Chromat Debuts Swimwear For Girls Who Don’t Tuck At Jacob Riis, NYC’s Queerest Beach
“Chromat has been massively inclusive for over a decade now, and once again, has found a way to include another community in fashion.”
“I’ve been going to Jacob Riis Beach ever since my friend, Kenyon Farrow, a Black, queer activist, brought me there in 2005,” said activist and filmmaker Tourmaline of “The People’s Beach” of New York City, located on the other side of Jamaica Bay from Brooklyn, the preferred summertime destination for queer, trans, gender-nonconforming New Yorkers looking to get their tan on. For lots of Riis regulars, that spit of shore is something special: “I can remember a time that I felt so uncomfortable being at the beach and not wanting to be looked at,” Tourmaline said. “I can remember being in the water and not wanting to get out because I was afraid of getting dirty looks. I wasn't feeling sexy and powerful, so I would be in the water way past a point where I should have been.” For Tourmaline, Riis was instrumental in changing her mindset.
“I can remember a time that I felt so uncomfortable being at the beach and not wanting to be looked at. I can remember being in the water and not wanting to get out because I was afraid of getting dirty looks. I wasn't feeling sexy and powerful, so I would be in the water way past a point where I should have been.”
Tourmaline, filmmaker and activist
On Sunday, the filmmaker-designer presented a collection of swimsuits and beachwear for girls who don’t tuck, trans femmes, non-binary people, and intersex bodies, a collaboration with beloved swimwear brand Chromat. Founded by designer Becca McCharen-Tran in 2008, Chromat is known for its dedication to inclusivity. The spring ‘22 collection only expanded on that commitment.
“There isn't a collection that aestheticises the beauty of trans girls and trans femmes not tucking,” Tourmaline told Refinery29 ahead of the New York Fashion Week show. “And there isn't a collection that does that with package support for trans men who want to pack.” In creating this collection with McCharen-Tran for Chromat, the duo is bringing fashion to a whole new place.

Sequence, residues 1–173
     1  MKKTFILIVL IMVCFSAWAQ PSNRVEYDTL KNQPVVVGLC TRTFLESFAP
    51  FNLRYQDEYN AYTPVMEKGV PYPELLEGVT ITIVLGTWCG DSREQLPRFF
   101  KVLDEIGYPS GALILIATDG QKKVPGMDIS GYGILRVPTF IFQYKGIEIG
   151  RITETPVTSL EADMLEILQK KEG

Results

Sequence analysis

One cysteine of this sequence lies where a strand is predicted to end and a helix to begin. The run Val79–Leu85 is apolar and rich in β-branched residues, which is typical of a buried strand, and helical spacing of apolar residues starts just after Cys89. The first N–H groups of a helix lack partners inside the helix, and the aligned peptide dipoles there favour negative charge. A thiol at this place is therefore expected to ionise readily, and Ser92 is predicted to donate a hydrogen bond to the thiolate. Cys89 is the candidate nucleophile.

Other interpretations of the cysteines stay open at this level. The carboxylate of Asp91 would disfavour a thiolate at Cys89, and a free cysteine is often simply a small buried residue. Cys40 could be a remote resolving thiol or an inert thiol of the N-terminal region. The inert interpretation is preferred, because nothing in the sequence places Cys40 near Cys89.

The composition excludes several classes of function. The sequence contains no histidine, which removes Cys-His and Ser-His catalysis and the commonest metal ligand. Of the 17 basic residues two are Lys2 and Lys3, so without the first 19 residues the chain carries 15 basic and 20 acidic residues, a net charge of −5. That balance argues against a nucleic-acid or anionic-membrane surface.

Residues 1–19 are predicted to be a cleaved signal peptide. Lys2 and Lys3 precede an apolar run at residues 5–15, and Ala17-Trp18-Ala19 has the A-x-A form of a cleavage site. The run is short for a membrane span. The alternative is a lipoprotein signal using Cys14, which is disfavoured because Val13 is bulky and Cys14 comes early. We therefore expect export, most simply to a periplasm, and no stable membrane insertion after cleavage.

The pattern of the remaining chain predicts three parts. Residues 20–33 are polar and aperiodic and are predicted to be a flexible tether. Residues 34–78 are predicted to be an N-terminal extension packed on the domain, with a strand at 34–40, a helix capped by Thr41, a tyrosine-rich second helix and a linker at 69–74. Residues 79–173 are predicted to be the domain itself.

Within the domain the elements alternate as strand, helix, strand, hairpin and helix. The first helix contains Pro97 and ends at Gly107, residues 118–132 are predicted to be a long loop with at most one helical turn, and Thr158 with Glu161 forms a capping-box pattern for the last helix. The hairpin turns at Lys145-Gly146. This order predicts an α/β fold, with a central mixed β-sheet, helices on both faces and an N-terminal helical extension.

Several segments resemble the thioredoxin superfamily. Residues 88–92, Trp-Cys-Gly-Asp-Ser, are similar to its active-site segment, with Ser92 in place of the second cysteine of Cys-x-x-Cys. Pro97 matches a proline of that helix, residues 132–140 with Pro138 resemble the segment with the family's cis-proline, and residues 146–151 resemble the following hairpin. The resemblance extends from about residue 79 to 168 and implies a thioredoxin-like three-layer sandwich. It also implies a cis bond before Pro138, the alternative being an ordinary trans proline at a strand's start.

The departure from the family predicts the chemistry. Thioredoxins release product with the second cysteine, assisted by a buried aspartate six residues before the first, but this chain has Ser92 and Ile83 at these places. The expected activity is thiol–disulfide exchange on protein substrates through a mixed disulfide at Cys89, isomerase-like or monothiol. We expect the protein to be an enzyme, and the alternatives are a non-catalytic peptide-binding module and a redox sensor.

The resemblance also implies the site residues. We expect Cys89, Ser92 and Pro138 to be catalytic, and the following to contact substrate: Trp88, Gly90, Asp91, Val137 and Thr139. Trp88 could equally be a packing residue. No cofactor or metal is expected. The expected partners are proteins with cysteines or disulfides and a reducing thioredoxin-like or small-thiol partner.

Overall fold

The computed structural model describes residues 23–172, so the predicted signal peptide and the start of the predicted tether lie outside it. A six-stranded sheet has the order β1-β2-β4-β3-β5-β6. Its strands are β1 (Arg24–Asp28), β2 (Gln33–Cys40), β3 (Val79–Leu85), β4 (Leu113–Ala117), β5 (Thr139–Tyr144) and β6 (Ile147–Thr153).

To do so, Tourmaline and McCharen-Tran went through nearly every suit in the Chromat archives, going back over ten years and asking themselves a series of questions about each one: Does this work for you? Is this comfortable? If not, what would you change about it? Some suits, they discovered, were perfect as is, likely because McCharen-Tran has always tried to design beachwear that’s wearable by many. Others needed slight adjustments, like an additional inch of fabric in the crotch area for added support or room. “So there are new pieces and then there are essentially upcycled pieces,” said McCharen-Tran.
”I see this collection as the beginning of something bigger."
Becca McCharen-Tran, founder of Chromat
Highlights from the collection, which was meant to embrace what Chromat calls Collective Opulence Celebrating Kindred, or “COCK”, include thongs with extra string that goes around the hip, shorts that are low-cut on the leg opening, a tennis skort, a netted micro mini dress, a thong monokini, and a string bikini that’s available in both a narrow and a wide version, among countless other pieces. Every single item in the spring collection is available in sizes XS to 4X. “I see this collection as the beginning of something bigger,” said McCharen-Tran, whose mission is to improve Chromat and expand its reach with each new collection.
In the democratic spirit of Jacob Riis, the collection was presented in a pop-up format that allowed beachgoers — Chromat’s actual customers — to be the audience, as opposed to New York Fashion Week’s standard crowd. (According to McCharen-Tran, Riis is where she’s seen the most Chromat suits in the wild.) There was no announcement, or anything to notify people that a show was to take place on the beach’s boardwalk. And yet, after the first model, Joshua Allen, descended down the concrete runway, the crowd more than tripled, with cheers coming from every direction.
Immediately following the finale, led by Tourmaline and McCharen-Tran, the models took to the beach, throwing themselves on a bed of pink towels before running toward the water. This time, decked out in Chromat’s spring ‘21 collection, there wasn’t a glint of fear about entering the water in a swimsuit, such was the case with Tourmaline years ago. “I think this is such a powerful way to know how important fashion is,” she said.
Freelance writer Jess Sims, who watched the show live from the boardwalk, agrees with Tourmaline. “We say the word ‘inclusivity’ and a lot of fashion doesn’t take it seriously,” she told Refinery29 after the show wrapped. “Chromat has been massively inclusive for over a decade now, and once again, has found a way to include another community in fashion — and fashion should be for everyone.”
McCharen-Tran is steadfast in her quest to turn that “should” into “is.” But even she acknowledges that her work isn’t perfect yet. Despite fit-testing every suit on Tourmaline, who provided detailed feedback for the designer, McCharen-Tran explained that she can’t say for certain that every single person will find a suit in the spring ‘22 collection that’s a perfect fit. Not yet anyway. “But that is always our goal,” she said.